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-1 (P (t)), where we write for the cumulated Gaussian distribution. The variable V accounts for the market fundamentals, the Vi are idiosyncratic parameters (one for each entity in the portfolio), whereas 2 stands for the average pairwise correlation between the entities in the portfolio. Finally, let 2 be the cumulative distribution function of a normal bivariate variable. The i-th entity in the portfolio defaults between 0 and t if and only if V + 1 - 2 Vi C(t). In the setting of the homogeneous large pool hypothesis, we get for the expected loss of the (A, B)-tranche in the standard Gaussian copula model: ELGC (t) = (1 - R)[2 (-1 ( (A,B) - 2 (-1 ( B ), C(t), 1-R 1 - 2 )], 1 - 2 ) (1)

A ), C(t), 1-R

The proof is standard and amounts to the following three observations. First, because of the large pool hypothesis, and since the Vi are independent variables, the law of large numbers applies and the expected loss of the portfolio conditional to V reads (with a self-explanatory notation): [ELGC (t)|V ] = (1 - R)( (0,1) Second, we have: ELGC (t) = ELGC (t) - ELGC (t). (A,B) (A,1) (B,1) (Notice that we could have worked as well with ELGC which is related to the base (0,A) correlation framework.) At last, by integration over V of the conditional expected loss: ELGC (t) = (1 - R)E[(( (A,1) C(t) - V 1 - 2 C(t) - V 1- 2 )- A )+ ] 1-R C(t) - V 1 - 2 ).

= (1 - R)(P(V

) - P(V inf(-1 (

A C(t) - V )) ), 1-R 1 - 2

with V, V two independent Gaussian variables. The formula follows. This yields, for the (SDI-) enhanced Gaussian copula model, the formula: EL(A,B) (t) = (1 - e-t )(B - A) + e-t (1 - R)[2 (-1 ( - 2 (-1 ( A ), C , 1-R 1 - 2 )], B ), C , 1-R 1 - 2 )

with C = -1 (1 - (1 - P (t)) exp(t)).

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4.2

RFL copula

The RFL copula [AS2005] is obtained from the family Xi = (V )V + Vi - m with (V, V1 , . . . , Vn ) independent normal Gaussian variables, and (V ) = 1V + 1V > . Here, > stand for two correlation regimes (high, bearish, resp. low, bullish, since default correlation tends to increase when the economy deteriorates). The parameters m and are chosen so that Xi has mean 0 and variance 1 (thus m is the mean of (V )V ). Once again, in the RFL copula model, the i-th entity in the portfolio defaults between 0 and t if and only if Xi C(t), where C(t) solves now: P(Xi C(t)) = P (t). Under the large pool assumption, the expected loss of the porfolio, conditional to V reads now: [ELRF L (t)|V ] = (1 - R)( (0,1) C(t) - (V )V + m ).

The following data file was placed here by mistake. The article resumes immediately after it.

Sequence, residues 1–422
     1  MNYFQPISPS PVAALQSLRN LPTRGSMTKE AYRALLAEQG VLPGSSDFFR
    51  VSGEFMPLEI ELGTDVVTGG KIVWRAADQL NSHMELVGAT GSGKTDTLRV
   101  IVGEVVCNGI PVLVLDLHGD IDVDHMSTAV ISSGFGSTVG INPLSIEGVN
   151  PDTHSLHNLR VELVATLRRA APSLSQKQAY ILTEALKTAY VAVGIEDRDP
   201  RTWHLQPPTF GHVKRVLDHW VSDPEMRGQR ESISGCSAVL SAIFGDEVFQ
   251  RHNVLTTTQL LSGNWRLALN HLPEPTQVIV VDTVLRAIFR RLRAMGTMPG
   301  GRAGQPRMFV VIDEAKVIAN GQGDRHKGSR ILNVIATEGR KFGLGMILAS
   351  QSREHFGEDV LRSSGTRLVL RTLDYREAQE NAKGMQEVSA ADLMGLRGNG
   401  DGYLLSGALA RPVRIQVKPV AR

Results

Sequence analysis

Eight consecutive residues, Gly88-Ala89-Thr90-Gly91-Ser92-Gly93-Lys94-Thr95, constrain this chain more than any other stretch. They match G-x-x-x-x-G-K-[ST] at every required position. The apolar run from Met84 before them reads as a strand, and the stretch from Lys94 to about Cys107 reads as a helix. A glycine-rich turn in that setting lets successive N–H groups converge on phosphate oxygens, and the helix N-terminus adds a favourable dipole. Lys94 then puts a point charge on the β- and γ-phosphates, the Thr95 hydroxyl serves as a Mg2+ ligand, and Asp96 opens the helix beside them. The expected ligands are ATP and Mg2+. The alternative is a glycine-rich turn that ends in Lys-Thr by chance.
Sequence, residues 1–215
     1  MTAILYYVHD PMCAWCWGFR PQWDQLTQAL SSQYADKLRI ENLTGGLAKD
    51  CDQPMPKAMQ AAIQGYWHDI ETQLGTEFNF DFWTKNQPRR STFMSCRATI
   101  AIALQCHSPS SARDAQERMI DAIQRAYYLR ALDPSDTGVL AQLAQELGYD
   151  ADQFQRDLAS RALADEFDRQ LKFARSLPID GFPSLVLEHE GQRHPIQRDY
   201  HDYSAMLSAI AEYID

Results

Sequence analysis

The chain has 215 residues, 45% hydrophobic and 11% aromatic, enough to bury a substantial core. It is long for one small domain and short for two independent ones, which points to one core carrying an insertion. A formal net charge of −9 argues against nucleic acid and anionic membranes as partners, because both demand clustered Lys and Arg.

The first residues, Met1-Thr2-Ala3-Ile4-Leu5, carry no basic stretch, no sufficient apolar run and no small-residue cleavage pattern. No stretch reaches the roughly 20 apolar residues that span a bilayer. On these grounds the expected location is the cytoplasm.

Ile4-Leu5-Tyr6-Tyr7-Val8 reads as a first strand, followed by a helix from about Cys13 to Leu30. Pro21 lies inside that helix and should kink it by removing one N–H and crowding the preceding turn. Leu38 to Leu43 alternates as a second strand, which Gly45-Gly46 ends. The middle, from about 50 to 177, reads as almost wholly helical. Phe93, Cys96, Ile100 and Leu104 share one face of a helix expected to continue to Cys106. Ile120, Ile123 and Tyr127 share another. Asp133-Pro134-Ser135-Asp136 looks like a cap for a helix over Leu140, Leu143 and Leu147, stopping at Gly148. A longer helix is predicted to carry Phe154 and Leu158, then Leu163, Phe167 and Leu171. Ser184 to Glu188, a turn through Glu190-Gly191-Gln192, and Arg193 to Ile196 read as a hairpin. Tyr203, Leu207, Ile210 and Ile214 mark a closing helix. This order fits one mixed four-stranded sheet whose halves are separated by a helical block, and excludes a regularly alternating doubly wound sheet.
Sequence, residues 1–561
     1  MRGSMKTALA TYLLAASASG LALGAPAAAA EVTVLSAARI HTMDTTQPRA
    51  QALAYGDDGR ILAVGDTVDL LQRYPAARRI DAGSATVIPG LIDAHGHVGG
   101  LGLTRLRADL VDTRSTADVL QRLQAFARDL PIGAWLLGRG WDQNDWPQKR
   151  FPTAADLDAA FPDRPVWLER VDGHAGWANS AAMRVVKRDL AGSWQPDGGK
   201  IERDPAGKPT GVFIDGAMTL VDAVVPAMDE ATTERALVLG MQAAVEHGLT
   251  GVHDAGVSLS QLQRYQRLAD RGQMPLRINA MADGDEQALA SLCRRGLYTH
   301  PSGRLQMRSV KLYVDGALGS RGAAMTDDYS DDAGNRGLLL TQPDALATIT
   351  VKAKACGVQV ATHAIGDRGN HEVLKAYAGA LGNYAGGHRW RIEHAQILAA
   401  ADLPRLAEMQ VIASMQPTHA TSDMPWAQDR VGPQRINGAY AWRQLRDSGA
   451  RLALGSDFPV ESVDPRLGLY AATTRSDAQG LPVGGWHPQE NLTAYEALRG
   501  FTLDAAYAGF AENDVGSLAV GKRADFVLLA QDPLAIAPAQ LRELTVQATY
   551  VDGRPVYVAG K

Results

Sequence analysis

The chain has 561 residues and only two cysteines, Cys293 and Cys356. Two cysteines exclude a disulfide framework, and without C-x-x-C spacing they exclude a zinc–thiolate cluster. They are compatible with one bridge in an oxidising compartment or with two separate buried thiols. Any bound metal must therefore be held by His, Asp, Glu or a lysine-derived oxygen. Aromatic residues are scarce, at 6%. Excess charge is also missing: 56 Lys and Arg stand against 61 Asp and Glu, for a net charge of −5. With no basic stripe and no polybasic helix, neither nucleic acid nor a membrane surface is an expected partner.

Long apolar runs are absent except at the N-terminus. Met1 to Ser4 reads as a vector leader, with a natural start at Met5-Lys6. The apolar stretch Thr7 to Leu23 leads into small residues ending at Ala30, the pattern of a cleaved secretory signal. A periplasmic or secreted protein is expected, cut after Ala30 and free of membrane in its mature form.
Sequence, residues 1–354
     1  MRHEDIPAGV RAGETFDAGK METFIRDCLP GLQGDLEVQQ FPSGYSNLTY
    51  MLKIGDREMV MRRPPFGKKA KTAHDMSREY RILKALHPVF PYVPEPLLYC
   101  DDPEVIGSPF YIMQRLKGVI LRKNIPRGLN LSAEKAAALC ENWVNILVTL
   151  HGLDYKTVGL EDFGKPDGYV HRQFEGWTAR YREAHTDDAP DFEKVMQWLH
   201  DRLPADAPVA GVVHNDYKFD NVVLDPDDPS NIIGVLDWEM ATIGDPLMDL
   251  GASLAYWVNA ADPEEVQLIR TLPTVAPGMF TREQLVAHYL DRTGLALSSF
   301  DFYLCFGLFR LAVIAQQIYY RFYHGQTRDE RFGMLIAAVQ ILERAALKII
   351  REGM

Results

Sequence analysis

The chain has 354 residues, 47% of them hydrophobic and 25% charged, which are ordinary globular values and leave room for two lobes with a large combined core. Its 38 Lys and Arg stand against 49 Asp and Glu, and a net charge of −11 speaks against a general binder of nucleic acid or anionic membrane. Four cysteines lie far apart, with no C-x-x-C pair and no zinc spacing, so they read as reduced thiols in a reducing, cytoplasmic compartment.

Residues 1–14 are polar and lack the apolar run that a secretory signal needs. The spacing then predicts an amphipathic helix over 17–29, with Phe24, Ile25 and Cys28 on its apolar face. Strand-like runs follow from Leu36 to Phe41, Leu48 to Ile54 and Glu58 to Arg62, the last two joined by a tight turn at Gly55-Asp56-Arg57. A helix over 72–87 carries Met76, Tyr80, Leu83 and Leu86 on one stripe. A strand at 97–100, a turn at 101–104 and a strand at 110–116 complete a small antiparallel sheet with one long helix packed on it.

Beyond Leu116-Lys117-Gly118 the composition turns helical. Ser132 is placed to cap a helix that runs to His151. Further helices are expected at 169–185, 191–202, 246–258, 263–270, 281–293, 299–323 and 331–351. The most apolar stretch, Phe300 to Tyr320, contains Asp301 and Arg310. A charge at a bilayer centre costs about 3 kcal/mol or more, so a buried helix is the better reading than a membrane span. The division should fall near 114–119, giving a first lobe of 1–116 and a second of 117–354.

The computation follows as for the Gaussian copula (excepted that one has now to split the integration over V into two pieces, according to whether V or V > ). Introducing 1 = min(, 2 we get: m + C(t) - -1 (A/(1 - R)) ), m + C(t) - -1 (A/(1 - R)) = max(, ,

ELRF L (t) = (1 - R)[2 (1 , (A,1) + (1 - R)[2 (2 , -

C(t) + m + C(t) + m 2 2

, ,

2 + 2

)-

A (1 )] 1-R C(t) + m 2 + 2 , 2 + 2 )

2 + 2

2 + 2

) - 2 (,

A ((2 ) - ())]. 1-R

The two pieces in the formula correspond to the two integration domains for V . We omit the formulae for the expected loss of the tranche (A, B) in the RFL and the enhanced RFL models, since they follow from the computation of ELRF L (t) by the same (A,1) straightforward process as for the Gaussian copula model. In the next section, calibrations are performed on the large pool approximation but also on the heterogeneous portfolio. In the last case the numerical tractability is achieved trough classical analytical loss approximations such as enhanced saddlepoint algorithms. 5/12

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5

Calibration results

We performed calibration on three different credit structured products, 5 year iTraxx tranches on two different dates pre and post crisis and generic European prime RMBS and SME loan securitization. On these three cases, we display the performances of 3 models of correlation. The 3 models are: · a random factor loadings model with 2 regimes of correlation (RFL), · an enhanced one factor Gaussian copula model refered to as "Enhanced Gaussian Copula" model (EGC), · an enhanced random factor loadings model (ERFL) as described in the previous paragraph. For the Itraxx case, we use three versions of portfolio representations: 1. a large pool portfolio with a flat spread equal to the index spread, 2. an homogenous portfolio of 125 names, each having a flat spread equal to the index spread, 3. the exact heterogeneous portfolio of 125 names underlying the index, each name with its corresponding spread curve term structure. For the RMBS and SME cases, we use a large pool approximation, which can hardly be refined.

5.1

The Itraxx tranches

We first analyse the iTraxx case. In table 1, we display the results obtained by calibration of the 5 year iTraxx tranches on various versions of multi-name models, by increasing degrees of sophistication. The market data is on the September 21st, 2007 for the standard benchmarks with maturity December 20, 2012.

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European Investment Grade Credit Derivatives Index (iTraxx) Table 1 21 Sep 2007 ITX 5 Year Index 36bp RR 40% Tranches 0-3 (upfront) 3-6 (bp) 6-9 (bp) 9-12 (bp) 12-22 (bp) Portfolio Model 2 2 Theta SDIa Mkt Price 18.7% 86.7 36.1 23.2 14.3 EGC 13.9% Large Pool Model ERFL RFL Base Cor. 18.1% 31.1% 11.4% 8.0% -2.23 -2.16 14.0 Model Prices 19.5% 28.2% 28.6% 86.8 87.2 41.7% 36.1 30.9 50.8% 23.2 29.7 57.6% 15.1 16.3 73.3% Proxy rating